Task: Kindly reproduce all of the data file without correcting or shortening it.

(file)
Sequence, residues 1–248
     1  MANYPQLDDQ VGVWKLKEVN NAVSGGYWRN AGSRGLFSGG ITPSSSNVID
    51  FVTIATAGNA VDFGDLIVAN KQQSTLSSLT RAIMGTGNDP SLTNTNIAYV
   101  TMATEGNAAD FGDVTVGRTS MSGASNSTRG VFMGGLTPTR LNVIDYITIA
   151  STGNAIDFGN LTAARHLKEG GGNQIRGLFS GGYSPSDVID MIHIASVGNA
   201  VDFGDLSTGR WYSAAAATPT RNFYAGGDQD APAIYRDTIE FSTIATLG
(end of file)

Sequence, residues 1–248
     1  MANYPQLDDQ VGVWKLKEVN NAVSGGYWRN AGSRGLFSGG ITPSSSNVID
    51  FVTIATAGNA VDFGDLIVAN KQQSTLSSLT RAIMGTGNDP SLTNTNIAYV
   101  TMATEGNAAD FGDVTVGRTS MSGASNSTRG VFMGGLTPTR LNVIDYITIA
   151  STGNAIDFGN LTAARHLKEG GGNQIRGLFS GGYSPSDVID MIHIASVGNA
   201  VDFGDLSTGR WYSAAAATPT RNFYAGGDQD APAIYRDTIE FSTIATLG